YOUNG GUNS COMEDY SHOWCASE
04/12/2014 - 04/12/2014
Wellington are you ready for a Stand Up Comedy night from the Young Guns of Wellington Comedy?
Well get ready! We are bringing you a hail of laughter bullets from the capital’s freshest joke-slingers! It’s coming your way to San Fran on Thursday the 4th of December, 2014. Doors open @ 7pm.
‘Young Guns’ is a roundup of the best and brightest upcoming talent in comedy. This is a show you will not want to miss. These comedians are quick on the draw, sharper than stirrups and loaded with comedic ammo that is sure to hit the target with audiences.
Hosting the night is MC Neil Thornton; originally a New York comedian he is now a favourite on the Auckland and Wellington Comedy scene “A bold performer with intelligent material. Constantly amusing and thought-provoking.” –ruminator.co.nz, who has recently been filmed for TV3’s Comedy Special “After Hours”.
And the ‘Young Guns’:
Aiken Hutcheson (out of the box humour that is good but different… like a unicorn)
Anna Rzhevitskaya (Russian and into making you laugh at life… her life)
Eric J Tuller (originally a New York City actor who came to Wellington to make people laugh)
Joel Hansby (“aspiring writer, comedian and awkward human being” and Raw Comedy Quest Finalist)
Lucy Edwards (Comedy mother with a story to tell and 7 Day Apprentice Finalist)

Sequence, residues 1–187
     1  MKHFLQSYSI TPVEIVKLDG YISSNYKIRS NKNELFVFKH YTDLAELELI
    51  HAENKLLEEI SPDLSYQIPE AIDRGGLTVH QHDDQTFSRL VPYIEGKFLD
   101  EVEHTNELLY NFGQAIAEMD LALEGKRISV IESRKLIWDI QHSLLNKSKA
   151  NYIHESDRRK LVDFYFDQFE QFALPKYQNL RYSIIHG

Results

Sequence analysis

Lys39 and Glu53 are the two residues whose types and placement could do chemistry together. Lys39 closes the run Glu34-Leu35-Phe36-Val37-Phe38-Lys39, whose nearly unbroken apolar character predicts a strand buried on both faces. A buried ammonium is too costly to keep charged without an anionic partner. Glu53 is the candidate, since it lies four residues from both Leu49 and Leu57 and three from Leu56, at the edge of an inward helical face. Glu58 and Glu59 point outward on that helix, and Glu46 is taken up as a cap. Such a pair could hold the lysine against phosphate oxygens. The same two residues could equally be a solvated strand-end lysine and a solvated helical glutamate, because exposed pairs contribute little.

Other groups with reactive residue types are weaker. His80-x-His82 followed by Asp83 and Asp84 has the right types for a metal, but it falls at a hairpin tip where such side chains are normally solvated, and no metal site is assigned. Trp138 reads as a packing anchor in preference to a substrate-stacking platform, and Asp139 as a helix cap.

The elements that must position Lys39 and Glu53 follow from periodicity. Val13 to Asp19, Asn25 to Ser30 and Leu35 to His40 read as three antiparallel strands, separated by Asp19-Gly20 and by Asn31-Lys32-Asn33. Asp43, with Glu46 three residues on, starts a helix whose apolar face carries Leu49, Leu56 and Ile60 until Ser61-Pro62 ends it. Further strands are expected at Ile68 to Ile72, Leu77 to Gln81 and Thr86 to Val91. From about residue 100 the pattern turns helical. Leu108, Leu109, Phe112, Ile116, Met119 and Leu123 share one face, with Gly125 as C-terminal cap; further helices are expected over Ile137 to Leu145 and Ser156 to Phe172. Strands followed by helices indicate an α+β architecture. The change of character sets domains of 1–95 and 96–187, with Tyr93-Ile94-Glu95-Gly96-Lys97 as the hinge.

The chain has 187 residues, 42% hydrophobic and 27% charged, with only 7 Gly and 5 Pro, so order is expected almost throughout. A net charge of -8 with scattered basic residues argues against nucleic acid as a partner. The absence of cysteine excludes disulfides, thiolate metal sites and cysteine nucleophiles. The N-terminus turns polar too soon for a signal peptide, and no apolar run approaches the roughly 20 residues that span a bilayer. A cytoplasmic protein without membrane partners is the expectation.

Ollie Crafter (Accidental Hipster who’s energetic storytelling style has you enthralled)
Patch Lambert (“delights… with intelligent material told from a scruffy, bogan exterior. Another great storyteller” – The Ruminator)
Young Guns Comedy Showcase and the reprisal of the Wellington Comedy Awards round off what has been an outstanding year for the Humorous Arts Trust. Featuring some of the best local up and coming comedic talent from the past two years, Young Guns highlights the growth and improving quality of Wellington’s comedy scene. Raw Meat Monday, Wellington’s longest running weekly comedy show, has attracted 53 first time performers in 2014, 22 of which have booked in for a second gig.
There has also been an increase in the number of females performing, with 19 of those first timers being women. “This just goes to show that there is a huge interest in comedy as an art form and we are extremely proud of the fact that we have been able to get so many new performers on stage. We hope that we can convince a few more of those 53 to come back and give it another go,” says Hilaire Carmody from Humorous Arts Trust.
The Young Guns Showcase is the cream of the crop from these first time performers, there is no doubt that these jokeslingers will go on to do great things. See them at the beginnings on their comedy careers.
San Fran, 171 Cuba St, Wellington
Thursday 4th December 2014.
Doors open at 7pm for a 7.30pm start.
Presales are $15 / Door Sales are $20
Book now at Eventfinder to make sure you don’t miss out!
Continuous peals of laughter
Review by Phoebe Smith 05th Dec 2014
The Humorous Arts Trust’s Young Guns Comedy Showcase draws a large crowd at the San Fran (San Francisco Bathhouse) on Thursday night. The show features eight young comedians who are billed as ‘the cream of the crop’ from the more than 50 first-time performers at Raw Meat Mondays in 2014.